So why would the Germans, including people like Tirpitz, have recorded nothing at all about such an order? Why would imperial Germany keep this one rather unimportant thing secret when there was no secret at all about the policy to try and stir rebellion in the Middle East and India? Why does Chile have no record of such a signal? Why can only a witness from one nation be found, and a nation at that with a vested interest in making such a claim too. As to the comment from Candotti, the German policy on foreign nations colonies is not a decision to give the Falklands to Argentina.

I assure you as a published author who has twice been forced by the authorities to delete WWII material from a book (2001 by the Germans, 2011 much closer to home, leaving two nice blank pages where the printed word should be), that if the authorities do not wish to disclose to historians or the public in general a signal or any other material they will conceal it.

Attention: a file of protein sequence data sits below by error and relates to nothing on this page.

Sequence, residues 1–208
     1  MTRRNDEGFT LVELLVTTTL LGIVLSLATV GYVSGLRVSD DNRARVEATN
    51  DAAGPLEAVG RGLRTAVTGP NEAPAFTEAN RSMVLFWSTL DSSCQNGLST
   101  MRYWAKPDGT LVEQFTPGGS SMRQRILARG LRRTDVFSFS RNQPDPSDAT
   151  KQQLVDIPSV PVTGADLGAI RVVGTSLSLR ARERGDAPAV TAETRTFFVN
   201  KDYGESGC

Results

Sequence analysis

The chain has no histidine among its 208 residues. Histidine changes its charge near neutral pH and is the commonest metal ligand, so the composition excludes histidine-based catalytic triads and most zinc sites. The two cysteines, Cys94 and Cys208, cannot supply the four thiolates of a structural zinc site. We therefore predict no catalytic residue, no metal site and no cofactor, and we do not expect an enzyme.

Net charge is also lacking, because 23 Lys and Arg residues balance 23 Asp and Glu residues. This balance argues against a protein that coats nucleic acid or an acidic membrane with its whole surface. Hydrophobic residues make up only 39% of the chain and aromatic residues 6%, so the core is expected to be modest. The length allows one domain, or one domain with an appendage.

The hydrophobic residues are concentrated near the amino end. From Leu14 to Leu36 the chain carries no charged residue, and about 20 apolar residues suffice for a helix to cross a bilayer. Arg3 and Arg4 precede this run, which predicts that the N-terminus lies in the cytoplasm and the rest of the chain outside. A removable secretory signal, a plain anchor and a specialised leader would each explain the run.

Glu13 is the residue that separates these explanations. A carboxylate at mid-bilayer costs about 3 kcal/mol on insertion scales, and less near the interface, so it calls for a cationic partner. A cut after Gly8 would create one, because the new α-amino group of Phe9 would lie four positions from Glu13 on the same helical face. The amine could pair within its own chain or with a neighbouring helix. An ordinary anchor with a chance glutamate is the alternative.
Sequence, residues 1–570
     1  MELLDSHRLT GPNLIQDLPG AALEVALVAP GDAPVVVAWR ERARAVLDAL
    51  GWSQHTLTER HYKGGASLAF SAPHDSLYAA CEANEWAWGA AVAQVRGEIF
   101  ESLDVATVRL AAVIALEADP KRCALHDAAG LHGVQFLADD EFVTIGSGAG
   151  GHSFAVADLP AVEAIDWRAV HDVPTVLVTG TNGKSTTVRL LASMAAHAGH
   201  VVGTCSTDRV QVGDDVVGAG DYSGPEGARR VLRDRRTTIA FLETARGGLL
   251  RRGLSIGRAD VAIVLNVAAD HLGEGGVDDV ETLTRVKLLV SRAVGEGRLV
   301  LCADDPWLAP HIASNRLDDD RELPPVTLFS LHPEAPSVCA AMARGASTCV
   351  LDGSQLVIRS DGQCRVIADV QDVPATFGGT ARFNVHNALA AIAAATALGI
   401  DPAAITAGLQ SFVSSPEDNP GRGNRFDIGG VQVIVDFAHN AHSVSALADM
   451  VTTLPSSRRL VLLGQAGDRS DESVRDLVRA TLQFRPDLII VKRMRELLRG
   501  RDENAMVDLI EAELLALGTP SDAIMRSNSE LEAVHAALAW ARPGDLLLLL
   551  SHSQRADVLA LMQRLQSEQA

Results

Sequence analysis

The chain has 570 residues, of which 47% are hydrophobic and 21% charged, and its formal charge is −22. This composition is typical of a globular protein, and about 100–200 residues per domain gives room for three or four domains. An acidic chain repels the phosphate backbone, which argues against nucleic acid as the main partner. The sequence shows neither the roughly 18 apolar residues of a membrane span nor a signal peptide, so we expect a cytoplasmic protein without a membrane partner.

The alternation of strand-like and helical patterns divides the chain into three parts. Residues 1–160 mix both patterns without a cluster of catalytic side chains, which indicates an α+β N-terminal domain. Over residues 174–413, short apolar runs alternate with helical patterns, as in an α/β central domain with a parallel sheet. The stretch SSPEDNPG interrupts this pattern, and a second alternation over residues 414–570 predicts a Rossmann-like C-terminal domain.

They quite possibly could keep something secret, but it is difficult to see the Germans keeping such things secret when they were at war with Britain, or that the US and Chile would continue to keep such things secret today. Indeed the US has a time limitation on such secrets, oddly enough well under 75 years for details on non-US matters, so it would be simple to check the signals that we know Spee to have received and any that are supposedly hidden.

A historian cannot therefore use its absence as evidence.


A historian can use absense of information as exactly that. Rumour is not evidence, and nor is speculation. All we have here is two comments from Argentinians that they saw something that nobody else has ever even mentioned. What is perfectly clear is that Spee did not have any troops with him, nor any intention to invade the Falklands, unless all his surviving officers were liars.
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Re: Why Admiral von Spee attacked the Falklands

Postby Navy Vet on 25 Dec 2011 00:01

Atrevida wrote:I use a public server in Argentina, but this is the only forum giving this continuing problem.